From Civil Services to Public Life
‘Joined politics to fight Delhi’s anti-Kashmir, anti-youth policies’
Creating larger discourse needs right people to get elected to highest offices: Shah Faesal
In 2010, Dr. Shah Faesal from Kashmir hogged newspaper headlines for topping India’s elite civil services examinations. By being vocal over many issues on India’s political spectrum, he immediately became controversial. On January 9, Faesal, resigned from civil services to protest the “unabated killings in Kashmir” “rise of Hindutva forces” and “reducing Muslims to second-class citizens” in India. In a candid interview with Kashmir Scan’s Nazir Ganaie, the former star bureaucrat talks about his plans, his “public movement” and joining electoral politics for “overhauling the system”. Excerpts
Why this shift from elite civil services to pubic life?
Personally, it is a big sacrifice for me. I must say it is more a conviction because I believe we can ourselves bring change on the ground. It can be brought about by giving up something in order to achieve something big. It is also more about the strong feelings, that not all is lost, and that we can still make things work in our State. My quitting the services was a strategic decision and yes we all need to wait for the right moment to make the right decision for the right impact that is how life moves on.
Who was the first person to know about your decision?
It was my family. It took me almost two years to persuade them, especially my wife, because it was a big decision for both of us. But thank God, they are with me and they support my every decision.
How do you see your own decision now?
Honestly, I had never thought that I would get such an unprecedented response from the public. Youngsters have been highly overwhelming about my move and my decisions. This has put me into a challenging job. However, I am doing my every bit to reach out to the people, especially to the youth and listen to them – their grievances, their aspirations and their suggestions. I somehow made up my mind that there was a deadlock in Kashmir and we needed to make a political statement about it. Now that I had spent nearly a decade in the civil services, I want to continue working with this zeal in the larger public life. I am not leaving service because of disillusionment. I didn’t fail. I didn’t find myself suffocated. It was only that in Kashmir people have been making immense sacrifices to be heard. I am just trying to create a larger discourse where we all can come and play our role. People in Kashmir have given up their lives, their jobs, their dreams. Now it is time for me to sacrifice something dear to me and talk about Kashmir, the atrocities, the possibilities, the issues – small and big – and the solutions.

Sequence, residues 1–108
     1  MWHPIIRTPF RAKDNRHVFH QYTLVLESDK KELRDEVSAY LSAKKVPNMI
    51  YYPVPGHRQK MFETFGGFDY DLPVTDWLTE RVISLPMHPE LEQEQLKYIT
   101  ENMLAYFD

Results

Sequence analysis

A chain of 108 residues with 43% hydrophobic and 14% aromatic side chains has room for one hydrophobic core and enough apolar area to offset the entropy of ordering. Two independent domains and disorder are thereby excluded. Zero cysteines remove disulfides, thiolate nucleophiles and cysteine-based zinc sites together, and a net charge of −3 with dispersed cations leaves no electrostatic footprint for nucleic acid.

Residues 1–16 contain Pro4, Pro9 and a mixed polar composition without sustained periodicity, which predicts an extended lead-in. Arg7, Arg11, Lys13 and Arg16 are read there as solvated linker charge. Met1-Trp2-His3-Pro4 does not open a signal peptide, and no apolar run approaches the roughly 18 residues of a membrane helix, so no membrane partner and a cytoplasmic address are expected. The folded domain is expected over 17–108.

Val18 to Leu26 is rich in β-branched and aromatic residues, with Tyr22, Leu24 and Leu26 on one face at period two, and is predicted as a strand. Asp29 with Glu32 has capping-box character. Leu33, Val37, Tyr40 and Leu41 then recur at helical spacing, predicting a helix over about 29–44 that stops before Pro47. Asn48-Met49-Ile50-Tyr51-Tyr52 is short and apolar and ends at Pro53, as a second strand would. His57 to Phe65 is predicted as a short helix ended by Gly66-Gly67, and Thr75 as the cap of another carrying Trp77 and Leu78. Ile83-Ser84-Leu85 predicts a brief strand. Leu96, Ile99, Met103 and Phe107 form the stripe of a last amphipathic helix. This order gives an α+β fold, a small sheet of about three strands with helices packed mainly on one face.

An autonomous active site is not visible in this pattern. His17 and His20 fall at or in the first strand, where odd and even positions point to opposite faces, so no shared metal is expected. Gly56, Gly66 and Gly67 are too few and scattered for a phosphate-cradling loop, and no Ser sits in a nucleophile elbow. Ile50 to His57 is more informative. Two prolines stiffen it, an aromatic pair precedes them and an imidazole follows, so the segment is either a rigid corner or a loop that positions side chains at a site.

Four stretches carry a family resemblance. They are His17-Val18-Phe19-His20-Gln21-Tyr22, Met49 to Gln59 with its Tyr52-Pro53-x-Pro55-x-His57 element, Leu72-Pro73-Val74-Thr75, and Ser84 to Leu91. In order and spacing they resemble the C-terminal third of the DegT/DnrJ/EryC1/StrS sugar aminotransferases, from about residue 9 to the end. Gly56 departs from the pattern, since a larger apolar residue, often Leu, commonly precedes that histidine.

How deep is the rot in the system?
It is not that I have been critical of the system that I served or that I belong. But, yes, I have always been outspoken about the issues that I felt that the existing system wasn’t responding properly.
Your own colleagues accused you of violating the civil service conduct rules.
I agree that there are conduct rules and civil servants are not supposed to criticize the government but at the same time, there are larger moral questions that I am talking about. However, talking about these moral questions doesn’t mean I am criticizing the government. Issues like rape culture and corruption need to be talked about and discussed within public institution. All of this just means that I talk in favour of public, which is quintessential for a public servant.
Would you take forward this rebellious attitude into your political career as well?
My approach to governance is that governance is for the people and we need to give power back to them. What has happened over a period of time is that we have taken power from people and power has become concentrated in privileged and elite classes, it lies with bureaucracy and politicians. It’s the time that the power needs to be given back to the people because that’s exactly where the power belongs.
And how will that be achieved?
That can only be done when we make our institutions accountable and ensure transparency in our public administration. Public service delivery improves and citizen-centric governance is provided.
In your service career, you inspired a young generation to join public administration. Do you think you can create the same impact in the political arena?